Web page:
How could you NOT be a communist today…. John Percy

John 22Rally talk at DSP educational conference, January 3-7, 1998

Perhaps around the Xmas dinner table this year, being quizzed by parents you haven’t seen for many months, or an aunt you haven’t seen for years, comrades have been met by a familiar refrain:

You’re a socialist? How could you be a socialist today?

How could you be a socialist after what happened in Russia? Isn’t socialism finished with now?

Or perhaps more regularly, as you’re arguing the point with a potential Green Left Weekly buyer, you get similar questions:

How could you be a communist today? or:

Yes, in principle it’s a nice idea, but it doesn’t work, does it?

Well, I think it’s time we all stopped being defensive with those nosey aunts or disbelieving parents or questioning Green Left Weekly buyers, and respond:

How could you not be a communist today?

Yes, How could anyone with a sense of justice and a minimal knowledge of the realities of the world not be a communist today?

Who could travel by train from Varanasi to Delhi — as I did — and see  hundreds of miles of human misery flow past your window, and not be a communist?

Who could witness the abject degradation, not merely poverty, for mile after mile, and not yearn for social justice, not devote their life to fighting to change the system?

* mud hovels, housing whole families;or grass huts, or cardboard shacks, or nothing;

* human beasts of burden in the fields, with children scavenging leftovers, a grain at a time;

* shit, everywhere, human and animal; cow dung preciously gathered, and dried for fuel, men and women squatting by the tracks;

* garbage everwhere, constantly picked over, by small children, for scraps of paper or plastic or cardboard, or competing with the dogs and pigs and cows for scraps of food.

Mile after mile after mile…

Who could witness all that poverty and degradation, exploitation and filth, and read the Communist Manifesto, and not be a Communist?

Especially, if you then travelled on to Europe.

The contrast is stunning.

The gap between the wealth, the opulence of the ruling classes in the imperialist countries and the desperate poverty and misery of the majority of the world’s people, must be the oustanding atrocity of the 20th Century.

“The states of rich men’s alliance” are well organised to perpetuate their atrocities and privileges. Their imperialist system guarantees this great divide, backed up where needed with battlefleets and bombers, and their respectable policing bodies of today, the IMF, World Bank, the World Trade Organisation, and the UN security council

I saw a TV documentary a few months ago, and the images are still with me, of wealthy coupon clippers and retirees from America and Europe, living off dividends, the sweat of others, and cruising the world for six months of the year on luxury liners, spending on themselves in a day what would sustain a whole village for years.

The well-fed, well-clothed, well-heeled, in wilful ignorance of their direct responsibility for the suffering and starving millions they cruise past on their voyage round the world.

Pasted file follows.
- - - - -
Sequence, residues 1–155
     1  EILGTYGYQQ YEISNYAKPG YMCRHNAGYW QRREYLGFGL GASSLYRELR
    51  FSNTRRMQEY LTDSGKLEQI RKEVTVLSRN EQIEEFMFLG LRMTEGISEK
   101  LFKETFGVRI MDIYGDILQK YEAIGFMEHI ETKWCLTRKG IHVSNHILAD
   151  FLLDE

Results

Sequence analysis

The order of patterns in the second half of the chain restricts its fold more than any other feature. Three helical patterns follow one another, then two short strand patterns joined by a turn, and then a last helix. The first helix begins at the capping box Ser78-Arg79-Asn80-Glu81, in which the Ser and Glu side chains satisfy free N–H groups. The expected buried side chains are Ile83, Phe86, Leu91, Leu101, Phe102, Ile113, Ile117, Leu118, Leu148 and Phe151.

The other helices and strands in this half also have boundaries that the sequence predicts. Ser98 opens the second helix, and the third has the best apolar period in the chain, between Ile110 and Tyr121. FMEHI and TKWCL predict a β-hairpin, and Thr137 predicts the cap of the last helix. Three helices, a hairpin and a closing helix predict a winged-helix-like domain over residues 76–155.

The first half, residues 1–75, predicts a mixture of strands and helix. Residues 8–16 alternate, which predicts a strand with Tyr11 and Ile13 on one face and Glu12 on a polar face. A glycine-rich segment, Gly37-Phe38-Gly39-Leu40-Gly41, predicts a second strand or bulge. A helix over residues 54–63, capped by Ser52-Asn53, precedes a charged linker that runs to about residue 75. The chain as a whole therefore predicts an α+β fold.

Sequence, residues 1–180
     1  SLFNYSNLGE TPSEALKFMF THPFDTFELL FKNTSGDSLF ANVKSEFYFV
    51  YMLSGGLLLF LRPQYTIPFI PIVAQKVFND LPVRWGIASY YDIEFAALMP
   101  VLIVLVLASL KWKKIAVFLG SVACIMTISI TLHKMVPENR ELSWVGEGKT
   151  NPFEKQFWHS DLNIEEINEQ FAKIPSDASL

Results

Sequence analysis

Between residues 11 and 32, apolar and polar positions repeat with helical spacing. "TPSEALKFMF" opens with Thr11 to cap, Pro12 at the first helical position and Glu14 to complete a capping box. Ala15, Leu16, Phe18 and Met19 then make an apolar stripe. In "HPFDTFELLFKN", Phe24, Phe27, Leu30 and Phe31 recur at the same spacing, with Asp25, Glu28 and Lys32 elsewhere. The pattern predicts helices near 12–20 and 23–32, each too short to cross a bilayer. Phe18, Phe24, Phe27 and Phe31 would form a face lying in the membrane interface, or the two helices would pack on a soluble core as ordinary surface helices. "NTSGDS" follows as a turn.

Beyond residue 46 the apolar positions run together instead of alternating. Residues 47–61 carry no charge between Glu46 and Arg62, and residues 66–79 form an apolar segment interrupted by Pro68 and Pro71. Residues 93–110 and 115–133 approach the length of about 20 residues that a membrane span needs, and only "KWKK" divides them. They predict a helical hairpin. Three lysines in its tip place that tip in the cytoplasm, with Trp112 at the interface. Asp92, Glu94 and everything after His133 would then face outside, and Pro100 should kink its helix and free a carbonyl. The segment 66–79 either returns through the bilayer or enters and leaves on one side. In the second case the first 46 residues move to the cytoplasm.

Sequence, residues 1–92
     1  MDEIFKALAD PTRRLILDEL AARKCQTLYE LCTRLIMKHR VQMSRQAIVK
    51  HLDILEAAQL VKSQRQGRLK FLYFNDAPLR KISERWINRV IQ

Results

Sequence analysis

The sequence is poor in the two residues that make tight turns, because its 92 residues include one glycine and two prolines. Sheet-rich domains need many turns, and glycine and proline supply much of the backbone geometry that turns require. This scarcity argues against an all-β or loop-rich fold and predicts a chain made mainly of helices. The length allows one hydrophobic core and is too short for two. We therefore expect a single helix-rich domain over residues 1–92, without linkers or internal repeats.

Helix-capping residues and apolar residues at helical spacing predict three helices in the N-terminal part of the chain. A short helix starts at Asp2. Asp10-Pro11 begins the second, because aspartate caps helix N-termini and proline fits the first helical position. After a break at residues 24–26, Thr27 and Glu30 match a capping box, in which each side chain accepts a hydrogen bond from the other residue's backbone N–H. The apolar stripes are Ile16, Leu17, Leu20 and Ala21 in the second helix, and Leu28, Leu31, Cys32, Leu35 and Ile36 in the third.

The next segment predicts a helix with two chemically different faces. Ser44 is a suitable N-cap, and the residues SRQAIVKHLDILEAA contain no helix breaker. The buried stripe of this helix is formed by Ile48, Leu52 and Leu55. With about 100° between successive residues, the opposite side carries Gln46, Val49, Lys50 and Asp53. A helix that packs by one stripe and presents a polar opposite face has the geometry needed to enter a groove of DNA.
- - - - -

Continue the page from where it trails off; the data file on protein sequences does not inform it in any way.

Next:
And sometimes on this trip I was a tourist too. In Varanasi (formerly known as Benares), the CPI ML Congress occupied all my attention and time. I didn’t visit the famous ghats, I didn’t even see the Ganges, an omission that I was strongly berated for by comrades after I arrived in London. On my return from Europe, I had more time, and agreed to join the tourist trail, and went to Agra to see the Taj Mahal.

It truly must be the most magnificent and beautiful building ever built. But it’s not possible to just be a tourist. While marvelling at such splendour, the greatness of the architects and the skill of the craftsmen, you can’t repress the knowledge about its purpose, and the social circumstances and the facts of its construction. It was ordered built by a brutal emporor; as just a tomb, not even as a palace, let alone a public building. 20,000 workers and incredibly skilled artisans toiled for 22 years to build it; and when they were finished, that emperor ordered their hands chopped off so they would never be able to build anything comparable.

And surrounding this marvel of marble and semi-precious stones is Agra, two million people living in poverty and unecessary backwardness, and around them tens of millions of peasants even worse off.

Any technological wonder of the modern world has that duality. Every aspect of the world today has those two faces…

If you’re not conscious of that, then you’re going through life like a rich, crass Western tourist.

While marvelling at the ancient and modern wonders of the world, the beautiful things that are debased, the tremendous creativity and productivity of humanity that’s wasted, squandered, exploited and stolen by a few,how can you not be a communist?

I felt very privileged to be able to attend the CPI ML Congress, to be present with those 700 delegates who encompassed such a range of struggles, dedication, commitment and humanity. Speaking many different languages, from different cultures, and facing very different conditions of struggle, I felt like they were our type of comrades. You all would have felt the same affinity.